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Tuesday, December 4, 2007

11 Days of Garbo: Camille (1936)

Director: George Cukor
Also Starring: Robert Taylor, Lionel Barrymore, Henry Daniell

Of all the films she made, this one was Garbo’s favourite. It is at once a melodrama (it was jokingly referred to with the line, “Garbo Coughs!” – a parody of the tagline from Anna Christie: “Garbo Talks!”), a great romance, and a cynical look at the perilous position that women can have in high society. Director George Cukor juggles all these pieces effortlessly and Garbo shines in the role, for which she received an Oscar nomination (she was previously nominated for Anna Christie and would be nominated again for Ninotchka).

Garbo plays Marguerite Gautier, a 19th Century Parisian courtesan who lives for pleasure even as she’s dying of a terminal illness. At the theatre one evening she meets the Baron de Varville (Daniell) by design, and love struck Armand Duval (Taylor) by chance. Armand and Marguerite are instantly smitten with each other, but the Baron’s wealth and position prove more tempting and she becomes his mistress. Months pass before Armand and Marguerite come back into each other’s orbit. He eventually talks her into spending the summer in the country with him, arguing that it will be good for her health. She agrees and for a time they’re happy, until Armand’s father (Barrymore) pays her a visit, imploring her to let his son go. The love scenes between Armand and Marguerite may be the soul of the film, but the scenes between Marguerite and Mr. Duvall are the heart of the matter. Marguerite’s reputation is well known. Mr. Duval worries that because of her his son’s reputation will be tarnished, though Marguerite points out to him that “a man can always go back,” meaning of course that only women, never men, forever fall from grace through illicit affairs. Nonetheless, Marguerite agrees to give up Armand, and pushes him away as brutally and heartlessly as she can. The next time they meet, she is once more with de Varville, only this time her need of money has made her entirely submissive to him and he treats her badly because he knows that he can, that she has no choice but to let him. A duel between de Varville and Armand ensues, Armand is exiled for a period of months and returns in time for Marguerite to die.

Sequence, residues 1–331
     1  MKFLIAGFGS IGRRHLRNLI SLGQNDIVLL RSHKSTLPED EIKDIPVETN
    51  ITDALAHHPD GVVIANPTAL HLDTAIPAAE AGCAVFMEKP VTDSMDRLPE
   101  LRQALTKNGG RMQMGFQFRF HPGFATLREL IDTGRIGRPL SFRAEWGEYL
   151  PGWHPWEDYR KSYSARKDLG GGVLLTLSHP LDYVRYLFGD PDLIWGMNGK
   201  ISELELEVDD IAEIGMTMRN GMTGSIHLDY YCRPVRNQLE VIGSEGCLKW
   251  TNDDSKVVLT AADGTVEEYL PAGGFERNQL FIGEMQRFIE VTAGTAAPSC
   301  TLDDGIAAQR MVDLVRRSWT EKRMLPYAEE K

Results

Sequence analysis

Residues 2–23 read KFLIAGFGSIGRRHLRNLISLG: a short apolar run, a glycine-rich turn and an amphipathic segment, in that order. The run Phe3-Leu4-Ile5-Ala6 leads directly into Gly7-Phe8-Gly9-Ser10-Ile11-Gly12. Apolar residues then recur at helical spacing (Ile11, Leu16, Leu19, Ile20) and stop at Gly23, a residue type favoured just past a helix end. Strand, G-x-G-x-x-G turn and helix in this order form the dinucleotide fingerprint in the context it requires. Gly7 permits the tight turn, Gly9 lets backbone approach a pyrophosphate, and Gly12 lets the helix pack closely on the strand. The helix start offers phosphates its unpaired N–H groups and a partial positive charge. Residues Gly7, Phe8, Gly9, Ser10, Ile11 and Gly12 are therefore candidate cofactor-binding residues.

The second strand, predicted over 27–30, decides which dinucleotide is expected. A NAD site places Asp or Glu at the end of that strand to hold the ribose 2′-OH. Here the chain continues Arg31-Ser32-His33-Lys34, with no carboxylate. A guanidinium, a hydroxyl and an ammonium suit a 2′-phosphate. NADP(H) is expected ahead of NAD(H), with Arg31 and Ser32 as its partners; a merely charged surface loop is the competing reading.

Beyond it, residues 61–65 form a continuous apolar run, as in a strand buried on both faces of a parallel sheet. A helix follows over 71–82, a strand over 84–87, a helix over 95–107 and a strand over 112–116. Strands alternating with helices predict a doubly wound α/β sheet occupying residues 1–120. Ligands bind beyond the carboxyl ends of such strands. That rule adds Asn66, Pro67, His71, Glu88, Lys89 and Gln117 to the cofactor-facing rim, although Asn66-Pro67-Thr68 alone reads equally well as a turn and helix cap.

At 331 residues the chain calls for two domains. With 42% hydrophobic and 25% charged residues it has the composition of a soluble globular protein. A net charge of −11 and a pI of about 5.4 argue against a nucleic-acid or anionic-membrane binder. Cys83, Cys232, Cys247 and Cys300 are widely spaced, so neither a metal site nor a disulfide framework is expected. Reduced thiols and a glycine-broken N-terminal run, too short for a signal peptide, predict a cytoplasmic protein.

The film makes no secret of its opinion with regards to the people Marguerite associates with. They’re vain and silly, they degrade Marguerite behind her back and then manipulate her good nature in order to get money and other goods from her (her friend/rival Olympe uses Marguerite’s dire financial straits to buy her jewellery from her cheaply, and then goes to the theatre to show it off and brag about the bargain she made). Her “friends” only care about her when they can get something from her – she knows this, but thinks she deserves them (“I’m no better than they are”). They hardly seem to notice when she’s dying, still manipulating her out of money and jewels even as she’s on her deathbed. Only Armand truly cares for her.

This is one of Garbo’s better screen romances. Taylor is perfectly cast as the handsome, inexperienced younger lover, and Garbo finds the right balance in Marguerite’s conflicting feelings for Armand. At first she keeps him at arm’s length, protecting him from his romantic idealism. But his attention flatters her and she lets her guard down and allows herself to fall in love with him. Certainly she’s known more worldly men, men of greater stature and wealth and experience; but it’s Armand’s innocence that attracts her. He has a youthful, romanticized view of the world in which her past, and his relative poverty don’t matter, the only thing that matters is their love. Marguerite knows that this line of thinking isn’t practical and that his promises of eternal love are perhaps short-sighted (in her confrontation with Mr. Duval he points out to her that in these situations the man always grows up and leaves the woman “worse than she was before”), but she wants so badly to believe in the possibility of being loved. And, besides, despite frequent claims that she’s just a little bit sick and bound to get better, she knows that she doesn’t have long to live. The final scene, when Marguerite dies in Duval’s arms while he talks about the future they’ll have together, is one of the greatest screen deaths ever filmed.

Garbo is simply wonderful here. The whole film, in fact, is wonderful. This is a story that could so easily have gone over the top and look dated and mannered today, but instead it rises above the trappings of its genre and stands apart as something worth looking at.

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